The star of The Big Bang Theory wants to change the way we educate boys about their bodies and sex

By Sam Gillette
February 05, 2018 09:00 AM
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Mayim Bialik, neuroscientist and star of The Big Bang Theory, thinks it’s time to change the way we talk about boys’ bodies.

In an exclusive interview with PEOPLE, she reveals the cover of her upcoming book Boying Up: How to Be Brave, Bold and Brilliant.She also discusses how the book delves into what it means to be male from a scientific perspective — and how we should be raising boys.

“It is not a biology book and it is not a psychology book,” says the 42-year-old mom of two sons, Miles, 12, and Frederick, 9, “It’s a little about the variations in our genetics, the variations in our hormones, and the variations in our lifestyles that lead to all of the decisions that we get to make. My hope is that for boys, or anyone who loves a boy or has a son, that this will be a way to open up conversations with children.”

Credit: Miikka Skaffari/Getty

Boying Up serves as a companion to Bialik’s previous book, Girling Up, which she created to answer the questions she had about her body and the sometimes difficult experiences of growing up (she’s a self-described “late bloomer”). For both books, Bialik says she had to find a balance as scientist and mother.

“That’s the story of the balance of my life. Obviously, I think like a scientist. That’s what happens when you spend 12 years at school getting a Ph.D. in neuroscience,” she says. “I write a lot about how my explanations for my kids need to be tempered by some non-scientific and more human aspects. But we also include voices from men throughout the book because obviously I can’t speak for men. I don’t know anything about shaving — that’s not my thing.”

Boying Up by Mayim Bialik

She says she spoke with a range of men who have “gone through some sort of self-awareness or psychology in their life” so they could provide insight into the “heavier” topics of growing up male.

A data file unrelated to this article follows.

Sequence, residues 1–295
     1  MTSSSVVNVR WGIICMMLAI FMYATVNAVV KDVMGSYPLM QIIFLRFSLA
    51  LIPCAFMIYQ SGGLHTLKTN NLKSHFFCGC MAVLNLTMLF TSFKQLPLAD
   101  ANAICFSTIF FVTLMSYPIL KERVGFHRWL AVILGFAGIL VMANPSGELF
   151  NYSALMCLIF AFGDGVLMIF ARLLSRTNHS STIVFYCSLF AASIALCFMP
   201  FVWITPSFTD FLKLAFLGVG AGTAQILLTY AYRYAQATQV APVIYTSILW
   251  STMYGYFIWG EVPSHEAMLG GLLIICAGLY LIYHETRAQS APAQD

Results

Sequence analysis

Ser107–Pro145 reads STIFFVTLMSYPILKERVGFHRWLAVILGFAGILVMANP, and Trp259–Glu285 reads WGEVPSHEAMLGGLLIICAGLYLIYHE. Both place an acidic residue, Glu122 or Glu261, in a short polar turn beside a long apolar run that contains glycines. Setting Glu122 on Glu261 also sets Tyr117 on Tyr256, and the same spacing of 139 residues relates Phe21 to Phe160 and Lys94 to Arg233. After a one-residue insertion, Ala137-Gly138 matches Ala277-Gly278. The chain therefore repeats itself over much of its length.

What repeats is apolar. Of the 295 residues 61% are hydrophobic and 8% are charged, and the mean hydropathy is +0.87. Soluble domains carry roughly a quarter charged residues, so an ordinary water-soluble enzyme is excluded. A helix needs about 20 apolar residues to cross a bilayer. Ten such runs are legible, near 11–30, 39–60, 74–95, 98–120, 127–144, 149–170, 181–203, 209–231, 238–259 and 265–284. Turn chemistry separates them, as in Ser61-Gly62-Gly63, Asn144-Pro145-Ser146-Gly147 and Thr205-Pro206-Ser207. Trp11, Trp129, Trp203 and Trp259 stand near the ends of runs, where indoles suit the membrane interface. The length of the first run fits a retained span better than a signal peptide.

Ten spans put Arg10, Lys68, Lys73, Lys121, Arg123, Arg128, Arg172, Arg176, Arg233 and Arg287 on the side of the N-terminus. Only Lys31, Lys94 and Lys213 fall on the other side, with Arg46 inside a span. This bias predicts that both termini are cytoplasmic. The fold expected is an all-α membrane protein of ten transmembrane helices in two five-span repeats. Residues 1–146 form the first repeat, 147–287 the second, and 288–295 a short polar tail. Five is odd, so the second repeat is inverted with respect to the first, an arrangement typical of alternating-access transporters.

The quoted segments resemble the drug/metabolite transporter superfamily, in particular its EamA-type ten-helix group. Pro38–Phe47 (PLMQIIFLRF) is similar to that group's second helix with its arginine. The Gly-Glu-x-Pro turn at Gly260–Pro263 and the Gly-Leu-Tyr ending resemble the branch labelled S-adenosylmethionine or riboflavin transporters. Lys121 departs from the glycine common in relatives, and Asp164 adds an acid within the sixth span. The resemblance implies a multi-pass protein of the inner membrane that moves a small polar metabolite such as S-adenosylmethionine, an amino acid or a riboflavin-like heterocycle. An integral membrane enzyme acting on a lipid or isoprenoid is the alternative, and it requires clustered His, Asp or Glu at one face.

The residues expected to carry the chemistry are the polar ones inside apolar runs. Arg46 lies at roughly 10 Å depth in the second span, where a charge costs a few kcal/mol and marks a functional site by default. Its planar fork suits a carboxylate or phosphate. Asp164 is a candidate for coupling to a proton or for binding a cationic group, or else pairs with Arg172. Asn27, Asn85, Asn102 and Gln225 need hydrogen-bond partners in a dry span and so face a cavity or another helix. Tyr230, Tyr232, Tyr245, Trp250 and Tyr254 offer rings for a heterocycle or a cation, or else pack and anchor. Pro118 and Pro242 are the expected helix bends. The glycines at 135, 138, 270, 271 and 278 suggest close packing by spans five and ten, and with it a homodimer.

“The idea was to see some of the more vulnerable sides to them, which I think is missing from a lot of education for boys,” she says. “That notion of how important it is to be vulnerable.”

The book, out May 8, answers a wide range of issues boys face: why their voice cracks, how to handle a crush, how to build muscle, gender stereotypes. It even provides drawings of different penises so readers understand the different sizes and shapes. But Bialik admits that one of the most difficult chapters to write about was male culture.

Boying Up got really special attention in terms of culture,” she says. “There wasn’t a similar equivalent in Girling Up. [In Boying Up I wrote about] frat culture and what happens when groups of men engage in what is being called ‘locker room talk.’

“What’s the impact of that? I also paid special attention to the ways boys are kind of enculturated with the images we see in media and … the way that they should treat women,” says Bialik.

The book educates readers about assault and makes clear what behavior is illegal. The actress says she has had multiple conversations with her sons about the way people should treat others — both female and male.

“My younger son had a really interesting question when we were talking about what assault means. He said, ‘Well, what about man on man assault, if it’s a gay couple?'” she says. “It made me realize what a different world they’re growing up in. They have an understanding and they know about the politics of how we interact. For those of us who were raised without this kind of consciousness, it was a lot more of learning on the fly.”

While neither of her sons have read Boying Up yet, they were thrilled to pose for the cover. They also love that she’s dedicated all of her books to them. But that’s where the glamour ends. For Miles and Frederick, this book is just their mom being “science mom.”

“They think I’m ridiculous in general. I’m just their mom. They really think of me as a scientist more than a celebrity mom, so I think for them [the book] just feels like an extension [of me] always wanting to explain things scientifically,” Bialik says. “I have a cold sore right now, which I get every couple of years. It’s grossing my children out, like they don’t want to look at it. ‘Can’t you cover it up with makeup?’ So I explained to them that the life cycle of a virus has to die by exploding on your face.”

She laughs and adds, “They don’t want science mom.”

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Bialik says that when her older son Miles read Girling Up, he got uncomfortable when he came across the sections on anatomy and dating. Boying Up also touches on female anatomy so that boys can have a better understanding of it — and that’s exactly the way Bialik wants it.

“[My editor and I] wanted to present a book that raises the kind of people we hope our children will be,” she says. “Meaning I want my boys to know about a girl’s body, to not be grossed out or weirded out or avoid talking about it. My sons don’t like talking about my ‘moon cycle’ as I call it, but it’s important for them to know that there’s nothing wrong with the female body. It’s not gross, it’s not weird. Sure it’s different.”

She adds: “It may not be pleasant for you to think about, but that’s really kind of the overarching principle of this book: What are the things that we would want boys to know about? That’s why [Boying Up] includes all of those things, even though my boys are like, ‘Eh, do we really have to look at that?'”